The big question is: why are we not using nature-based solutions even more to resolve design issues?
Simon Wyatt is sustainability partner at Cundall
Chilmington Green School: a case study in sustainable design
Set among some rolling hills in the verdant Kentish countryside, when complete, Chilmington Green School will be an exemplar net zero carbon school project that showcases the benefits of using nature-based solutions (Alan Fogarty writes).
Part of a pilot project to design and build net zero carbon schools by Cundall and Bowmer & Kirkland, with landscape architect Ares, Chilmington Green School is being developed in response to the Department for Education’s (DfE) net zero carbon agenda, which places a strong emphasis on biodiversity and adaptation.
While the benefits of landscaping have long been appreciated in terms of the urban heat island effect, as well as enhanced biodiversity and sustainable drainage systems (SuDS), quantifying that benefit is more difficult. Until now there has been very little documented research to back up the anecdotal findings.
One of three schools currently being designed by the group as part of the pilot scheme, Chilmington Green is being driven by the DfE’s agenda, and by the joint ambition of Cundall and Bowmer & Kirkland to create a more sustainable built environment. They initiated a body of research as part of the project, aiming to quantify the benefits of nature-based solutions in order to create properly designed solutions for schools. Chilmington Green School is the first one to which it is being actively applied.
Issues being considered include:
- Moving hard surfaces, which attract and retain the heat in summer, away from the buildings.
- Introducing protective landscaping such as trees, which provide shading externally and cool down the surrounding landscape; designing and locating the building on the site in a way that takes advantage of prevailing winds and allows further cooling by the protective landscape. Research indicates that temperatures can be lowered by up to 3ºC around the buildings, greatly enhancing the thermal comfort of the occupants as well as reducing the need for carbon-intensive mechanical solutions.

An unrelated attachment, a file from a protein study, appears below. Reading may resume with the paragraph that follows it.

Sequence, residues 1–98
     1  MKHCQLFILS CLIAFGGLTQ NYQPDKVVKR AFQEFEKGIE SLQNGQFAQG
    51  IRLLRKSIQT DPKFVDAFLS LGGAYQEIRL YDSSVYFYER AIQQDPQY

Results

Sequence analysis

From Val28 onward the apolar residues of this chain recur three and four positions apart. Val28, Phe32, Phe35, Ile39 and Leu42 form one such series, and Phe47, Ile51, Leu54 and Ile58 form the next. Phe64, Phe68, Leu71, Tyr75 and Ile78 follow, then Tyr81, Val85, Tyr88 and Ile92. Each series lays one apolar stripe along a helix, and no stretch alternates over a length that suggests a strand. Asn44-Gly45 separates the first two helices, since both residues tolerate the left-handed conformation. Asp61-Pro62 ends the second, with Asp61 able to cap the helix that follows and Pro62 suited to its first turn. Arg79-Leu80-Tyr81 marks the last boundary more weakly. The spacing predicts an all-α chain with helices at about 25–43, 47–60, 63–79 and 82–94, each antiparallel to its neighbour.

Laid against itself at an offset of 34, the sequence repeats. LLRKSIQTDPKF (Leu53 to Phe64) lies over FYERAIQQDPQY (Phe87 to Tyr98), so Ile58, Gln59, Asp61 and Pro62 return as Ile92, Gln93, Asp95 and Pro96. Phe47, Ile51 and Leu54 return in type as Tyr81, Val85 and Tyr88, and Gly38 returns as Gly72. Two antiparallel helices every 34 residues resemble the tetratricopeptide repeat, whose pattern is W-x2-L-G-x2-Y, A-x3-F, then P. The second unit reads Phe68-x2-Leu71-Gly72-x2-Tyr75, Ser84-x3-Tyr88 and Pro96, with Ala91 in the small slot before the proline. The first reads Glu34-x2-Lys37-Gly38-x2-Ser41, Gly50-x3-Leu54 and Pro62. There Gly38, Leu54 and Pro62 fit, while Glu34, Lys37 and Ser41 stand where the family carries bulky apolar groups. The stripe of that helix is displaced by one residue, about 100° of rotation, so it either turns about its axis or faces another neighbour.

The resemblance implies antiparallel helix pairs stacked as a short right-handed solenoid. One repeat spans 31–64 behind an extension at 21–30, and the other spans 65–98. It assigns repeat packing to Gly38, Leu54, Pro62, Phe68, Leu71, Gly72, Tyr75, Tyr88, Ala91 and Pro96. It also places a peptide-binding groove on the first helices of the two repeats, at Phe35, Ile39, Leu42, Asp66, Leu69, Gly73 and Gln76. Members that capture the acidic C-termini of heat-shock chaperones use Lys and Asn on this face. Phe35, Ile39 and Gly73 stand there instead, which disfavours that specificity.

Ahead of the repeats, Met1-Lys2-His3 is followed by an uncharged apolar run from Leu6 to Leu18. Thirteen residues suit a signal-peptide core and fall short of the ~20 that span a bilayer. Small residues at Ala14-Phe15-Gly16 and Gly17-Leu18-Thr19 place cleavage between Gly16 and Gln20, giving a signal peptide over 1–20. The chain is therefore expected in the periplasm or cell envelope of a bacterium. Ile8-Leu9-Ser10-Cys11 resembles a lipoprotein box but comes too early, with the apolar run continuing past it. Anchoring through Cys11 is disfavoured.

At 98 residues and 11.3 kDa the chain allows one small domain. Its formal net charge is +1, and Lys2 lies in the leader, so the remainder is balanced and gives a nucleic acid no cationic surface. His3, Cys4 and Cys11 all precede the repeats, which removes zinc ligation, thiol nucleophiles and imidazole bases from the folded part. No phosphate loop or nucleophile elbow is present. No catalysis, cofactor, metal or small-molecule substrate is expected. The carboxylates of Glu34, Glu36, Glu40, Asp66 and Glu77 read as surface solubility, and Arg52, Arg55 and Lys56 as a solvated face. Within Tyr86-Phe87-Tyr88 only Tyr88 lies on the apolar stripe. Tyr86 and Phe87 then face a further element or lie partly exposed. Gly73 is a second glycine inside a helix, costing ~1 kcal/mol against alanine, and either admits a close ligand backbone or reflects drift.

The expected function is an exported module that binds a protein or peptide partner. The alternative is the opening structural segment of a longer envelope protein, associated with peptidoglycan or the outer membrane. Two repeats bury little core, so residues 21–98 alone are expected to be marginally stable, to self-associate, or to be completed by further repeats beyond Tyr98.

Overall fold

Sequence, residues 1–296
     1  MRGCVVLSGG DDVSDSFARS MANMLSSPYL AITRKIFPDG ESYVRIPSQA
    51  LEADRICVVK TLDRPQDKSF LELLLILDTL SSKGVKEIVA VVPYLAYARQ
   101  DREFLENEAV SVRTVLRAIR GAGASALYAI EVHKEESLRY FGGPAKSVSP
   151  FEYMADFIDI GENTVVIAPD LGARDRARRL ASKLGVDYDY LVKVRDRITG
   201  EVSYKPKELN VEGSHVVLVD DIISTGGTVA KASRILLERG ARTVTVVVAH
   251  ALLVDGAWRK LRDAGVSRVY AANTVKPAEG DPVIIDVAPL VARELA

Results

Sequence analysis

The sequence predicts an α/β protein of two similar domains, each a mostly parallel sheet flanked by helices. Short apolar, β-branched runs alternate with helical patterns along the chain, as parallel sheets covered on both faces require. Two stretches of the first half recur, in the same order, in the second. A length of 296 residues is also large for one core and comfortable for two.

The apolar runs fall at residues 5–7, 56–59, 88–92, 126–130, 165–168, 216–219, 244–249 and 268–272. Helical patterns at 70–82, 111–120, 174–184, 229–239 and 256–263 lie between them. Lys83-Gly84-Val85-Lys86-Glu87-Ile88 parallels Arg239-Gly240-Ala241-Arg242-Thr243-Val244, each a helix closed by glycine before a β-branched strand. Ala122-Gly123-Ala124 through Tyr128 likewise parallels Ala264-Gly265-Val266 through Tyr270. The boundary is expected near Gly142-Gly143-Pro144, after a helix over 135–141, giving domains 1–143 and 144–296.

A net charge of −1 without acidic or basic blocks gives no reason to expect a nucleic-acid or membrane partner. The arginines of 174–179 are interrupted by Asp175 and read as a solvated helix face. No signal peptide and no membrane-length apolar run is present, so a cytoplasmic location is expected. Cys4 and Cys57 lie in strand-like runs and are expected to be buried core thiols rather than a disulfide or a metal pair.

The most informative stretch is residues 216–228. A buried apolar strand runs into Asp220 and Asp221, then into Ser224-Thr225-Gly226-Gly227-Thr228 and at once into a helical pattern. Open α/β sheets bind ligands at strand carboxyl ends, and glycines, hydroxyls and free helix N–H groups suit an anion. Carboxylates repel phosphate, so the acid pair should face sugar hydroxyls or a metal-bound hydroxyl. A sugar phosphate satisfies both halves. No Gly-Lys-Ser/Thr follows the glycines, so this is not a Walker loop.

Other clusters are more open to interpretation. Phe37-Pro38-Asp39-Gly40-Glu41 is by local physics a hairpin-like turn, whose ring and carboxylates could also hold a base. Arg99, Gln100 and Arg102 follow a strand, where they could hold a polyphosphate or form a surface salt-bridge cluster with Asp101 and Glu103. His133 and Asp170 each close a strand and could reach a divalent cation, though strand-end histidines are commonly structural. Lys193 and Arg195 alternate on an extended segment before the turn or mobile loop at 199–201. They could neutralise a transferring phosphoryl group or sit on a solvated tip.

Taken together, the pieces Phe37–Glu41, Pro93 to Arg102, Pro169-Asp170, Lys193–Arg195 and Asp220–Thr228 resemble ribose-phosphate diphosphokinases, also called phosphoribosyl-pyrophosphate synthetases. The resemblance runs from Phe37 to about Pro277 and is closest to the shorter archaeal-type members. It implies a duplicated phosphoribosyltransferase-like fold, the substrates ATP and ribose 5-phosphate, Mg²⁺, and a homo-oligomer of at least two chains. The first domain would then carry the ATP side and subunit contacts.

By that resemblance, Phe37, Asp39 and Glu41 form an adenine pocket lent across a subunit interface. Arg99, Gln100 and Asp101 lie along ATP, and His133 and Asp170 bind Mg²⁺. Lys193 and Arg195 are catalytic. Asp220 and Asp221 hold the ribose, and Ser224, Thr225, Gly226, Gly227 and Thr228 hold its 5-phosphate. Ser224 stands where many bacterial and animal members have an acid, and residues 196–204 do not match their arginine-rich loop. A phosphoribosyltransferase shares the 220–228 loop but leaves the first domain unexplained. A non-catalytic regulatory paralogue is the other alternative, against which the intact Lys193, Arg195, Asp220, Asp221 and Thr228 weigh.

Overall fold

- Incorporating water features in the landscaping to reduce heat build-up and actively cool the ambient air.
- Utilising new or existing woodlands, which shades the earth below the trees, retains moisture and keeps things cool. It also creates a turbulent effect, where cooler air passing over the trees tumbles down to cool the environment below them.
- Introducing features into the landscaping that draw cooler air down from a high level to cool the layer at ground level. For example, a sloped canopy to catch the wind and direct the cooler air to ground level as the air passes under it.
It is further appreciated that the introduction of landscaping – especially trees around buildings – promotes a biophilic response within the building itself. It has been proven to enhance the perceived thermal comfort of occupants, making people more relaxed and tolerant of any discomfort. This in turn leads to enhanced performance, so for schoolchildren this means a better, more productive learning environment.
As previously discussed, trees provide shading for the buildings, as well as for outdoor teaching areas. This can be particularly useful for the east and west side facades, where they can be effective at providing shading from low sun angles, while deciduous trees in the south provide shading in summer and allow for solar collection in the winter months.
Alan Fogarty is sustainability partner at Cundall